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Title: Molecular studies on growth arrest and apoptosis induced by andrographolide in human hepatoma HepG2 cells
Other Titles: Chuan xin lian nei zhi you dao ren gan ai xi bao HepG2 de sheng zhang yi zhi he diao wang de fen zi xue yan jiu
穿心莲内酯诱导人肝癌细胞 HepG2 的生长抑制和凋亡的分子学研究
Authors: Li, Jieliang (李结良)
Department: Dept. of Biology and Chemistry
Degree: Doctor of Philosophy
Issue Date: 2007
Publisher: City University of Hong Kong
Subjects: Apoptosis
Cancer -- Molecular aspects
Cancer cells -- Growth -- Regulation
Liver -- Cancer
Notes: CityU Call Number: RC262.L5 2007
Includes bibliographical references (leaves 157-189)
Thesis (Ph.D.)--City University of Hong Kong, 2007
xxi, 193 leaves : ill. ; 30 cm.
Type: Thesis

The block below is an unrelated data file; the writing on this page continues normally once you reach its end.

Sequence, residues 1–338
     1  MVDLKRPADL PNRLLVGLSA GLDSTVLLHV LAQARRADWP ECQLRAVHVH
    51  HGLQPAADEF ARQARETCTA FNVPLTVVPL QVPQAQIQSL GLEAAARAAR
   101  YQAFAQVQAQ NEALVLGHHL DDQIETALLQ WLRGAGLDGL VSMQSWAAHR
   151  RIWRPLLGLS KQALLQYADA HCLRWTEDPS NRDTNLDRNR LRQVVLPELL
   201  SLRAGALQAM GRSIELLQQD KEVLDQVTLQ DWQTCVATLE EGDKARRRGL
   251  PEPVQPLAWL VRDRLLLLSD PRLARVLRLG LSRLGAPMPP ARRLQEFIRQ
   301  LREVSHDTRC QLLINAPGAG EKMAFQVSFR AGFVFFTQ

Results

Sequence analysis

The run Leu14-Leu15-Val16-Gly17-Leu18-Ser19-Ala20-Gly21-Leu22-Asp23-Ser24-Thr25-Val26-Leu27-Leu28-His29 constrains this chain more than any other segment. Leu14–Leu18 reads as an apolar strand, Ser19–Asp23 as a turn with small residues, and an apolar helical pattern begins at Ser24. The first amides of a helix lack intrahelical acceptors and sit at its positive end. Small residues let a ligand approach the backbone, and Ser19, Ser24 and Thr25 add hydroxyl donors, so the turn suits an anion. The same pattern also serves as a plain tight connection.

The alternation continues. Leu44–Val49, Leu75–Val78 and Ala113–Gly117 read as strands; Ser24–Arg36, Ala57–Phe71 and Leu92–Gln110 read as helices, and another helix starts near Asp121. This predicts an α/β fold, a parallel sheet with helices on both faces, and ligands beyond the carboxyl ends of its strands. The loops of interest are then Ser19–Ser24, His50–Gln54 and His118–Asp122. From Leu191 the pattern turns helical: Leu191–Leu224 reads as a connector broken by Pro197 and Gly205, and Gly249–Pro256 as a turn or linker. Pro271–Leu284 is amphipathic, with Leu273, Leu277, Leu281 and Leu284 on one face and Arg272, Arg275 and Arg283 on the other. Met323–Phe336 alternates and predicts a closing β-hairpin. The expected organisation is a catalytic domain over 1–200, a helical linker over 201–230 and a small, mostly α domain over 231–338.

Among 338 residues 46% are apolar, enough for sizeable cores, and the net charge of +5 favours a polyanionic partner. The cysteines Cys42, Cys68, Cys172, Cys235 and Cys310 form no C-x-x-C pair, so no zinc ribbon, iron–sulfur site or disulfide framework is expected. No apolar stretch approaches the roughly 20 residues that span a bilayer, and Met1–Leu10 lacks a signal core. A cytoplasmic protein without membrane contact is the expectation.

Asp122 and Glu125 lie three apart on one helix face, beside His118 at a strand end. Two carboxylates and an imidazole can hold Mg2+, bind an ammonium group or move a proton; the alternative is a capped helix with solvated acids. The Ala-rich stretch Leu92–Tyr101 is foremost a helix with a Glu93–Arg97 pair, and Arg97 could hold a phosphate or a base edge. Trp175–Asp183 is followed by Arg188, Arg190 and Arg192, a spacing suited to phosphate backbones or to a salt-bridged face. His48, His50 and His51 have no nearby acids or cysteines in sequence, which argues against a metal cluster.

Abstract: Cell cycle regulation and apoptosis are two important control mechanisms for the proliferation of cells. These two processes are cooperatively interlinked so that tissue homeostasis and normal development of organisms could be effectively maintained. Loss of cell cycle control or apoptosis will result in many diseases, and cancer is somewhat one of the most jeopardous examples. Hepatocellular carcinoma (HCC) is a liver cancer prevalent in Asia, especially in the Mainland China and in Hong Kong. The major modalities of treatment for HCC include liver transportation, chemotherapy and radiation, all of which have some limitations. Nowadays, chemotherapy involving the use of Traditional Chinese Medicines (TCMs), however, deserves exploration for the little side effects. Andrographolide (Andro) is the main bioactive component of Andrographis paniculata (AP; Traditional Chinese: 穿心蓮; pinyin: Chuan Xin Lian) and has been reported to inhibit the proliferation of some tumor cell lines. However, there is no report about the anticancer effect of Andro to HCC cells although it has been claimed to be hepatoprotective and immunostimulative, both of which are supposed to be beneficial to normal liver cells. This study reports for the first time that Andro is the most potent cytotoxic component among five analogues to two HCC cell lines. The IC50 to human hepatoma HepG2 cells was 40.2 ± 9.6 μM and to rat hepatoma H4IIE cells was 66.2 ± 14.6 μM after 48 h of treatment. Compared to its cytotoxicity to normal liver L02 cells (IC50 at 48 h was 135.1 ± 30.7 μM), Andro was found preferential targeting to tumor cells. When cell cycle and apoptotic study was monitored, it was found HepG2 cells was arrested at gap 2/mitosis (G2/M) phase of the cell cycle that subsequently led to a late apoptosis. Fragmentation of chromosomal DNA was observed if the cells were treated with 200 μM Andro for 48 h or with 50 μM Andro for a prolonged period of 96 h. Analysis of apoptotic signal indicated that caspase-3 was activated during the process. Flow cytometric analysis of the treated cell after fluorescein isothiocyanate (FITC)-phospho-histone H3 plus propidium iodide (PI) staining revealed that the mitotic index increased from 5.5 to 49.1%, which was about 10 times of the control. As the G2/M phase cells were increased from 17% to 62.7%, these results mean that the ratio of cells at interphase G2 changed little upon Andro exposure while the arrest took place mainly at mitosis. Immunoblotting analysis showed that upon Andro treatment, the tumor suppressor p53 (also known as a nuclear transcription factor), was up-regulated to almost 2-fold of the control. The activation of p53 subsequently turns on the transcription of the target Bax, responsible for causing apoptosis. Western blot analysis also showed that phosphorylated form of p34cdc2 at Thr161 was up-regulated to 3-fold of the control. This activation was confirmed by the enhanced expression of Cdk7, a cyclin-dependent kinase which is in control of the Thr161 phosphorylation after combined with Cyclin H. Because Thr161-phosphorylated p34cdc2 can form a complex named M-phase promoting factor (MPF) with Cyclin B and trigger cells pass through the G2/M checkpoint, this means that cells could enter into mitosis after Andro treatment. During mitosis, there is another cell cycle checkpoint, the metaphase-to-anaphase transition. At this transition, the MPF activates another complex - the anaphase-promoting complex (APC), which destroys Cyclin B reciprocally. From our result, the Cyclin B level was determined stable after Andro treatment, indicative of inactivation of APC thus cells could not pass through this transition and were arrested at metaphase. Studies with synchronized cells revealed that the cells arrest at G2 phase were more sensitive to Andro treatment, followed by M phase cells. These results confirmed our hypothesis that upon Andro treatment, cells pass through the G2/M checkpoint and accumulate at M phase, during which apoptosis occurs. Many previous studies indicated that the hepatoprotective effect of Andro was mainly due to the antioxidant effects. But in this study, we found that Andro caused the overproduction of hydrogen peroxide, a main form of reactive oxygen species (ROS) in HepG2 hepatoma cells. On the contrary, the level of superoxide radicals was decreased upon Andro treatment in both time- and concentration-dependent manners. When some well-known antioxidants were added prior to Andro treatment, it was found that N-acetylcysteine (NAC, a non-toxic precursor of GSH), catalase (an enzyme that degrading hydrogen peroxide) or reduced glutathione (GSH) inhibited the cytotoxic effect of Andro. Through an in vitro test, we observed that Andro could rapidly scavenge superoxide radicals generated by a KO2 system. Cellular SOD activity was enhanced after Andro treatment, indicating that Andro may has some SOD-like activity. Because the GSH system contains the glutathione peroxidase which is one of the most important hydrogen peroxide-removing enzymes in mammalian mitochondria, the elevated level of hydrogen peroxide implies that GSH depletion might take place by Andro in the cells. Therefore, the intracellular GSH level was determined and it was found that the GSH system was destroyed by glutathione depletion after the addition of Andro. This depletion was confirmed by that Andro could react directly with GSH under certain conditions. When a GSH peroxidase (Gpx) mimicking antioxidant named ebselen was added prior to Andro, the cytotoxicity was also greatly attenuated. Changes in the redox status after the addition of Andro also coupled with the collapse of the mitochondrial membrane potential (MMP). This MMP loss, however, could be eliminated by NAC. On the other hand, the overproduction of hydrogen peroxide could not be attenuated by cyclosporine A (CsA), a well-known mitochondrial permeability transition pore (MPTP) inhibitor. Taken all the data present, it indicates that Andro treatment triggered changes in a redox signaling pathway via mitochondrial depolarization. Induction of cell cycle arrest at M phase was the main cause of growth inhibition and eventually led cells into apoptosis. Finally, the redox variations of hepatoma HepG2 cells and normal liver L02 cells after Andro treatment was investigated. Less redox change was noted in L02 cells. Our results thus suggest that a redox signaling pathway played an important role in the cytotoxic effect of Andro to tumor cell and provide some valuable knowledge in the understanding of cell-type specific response to this drug.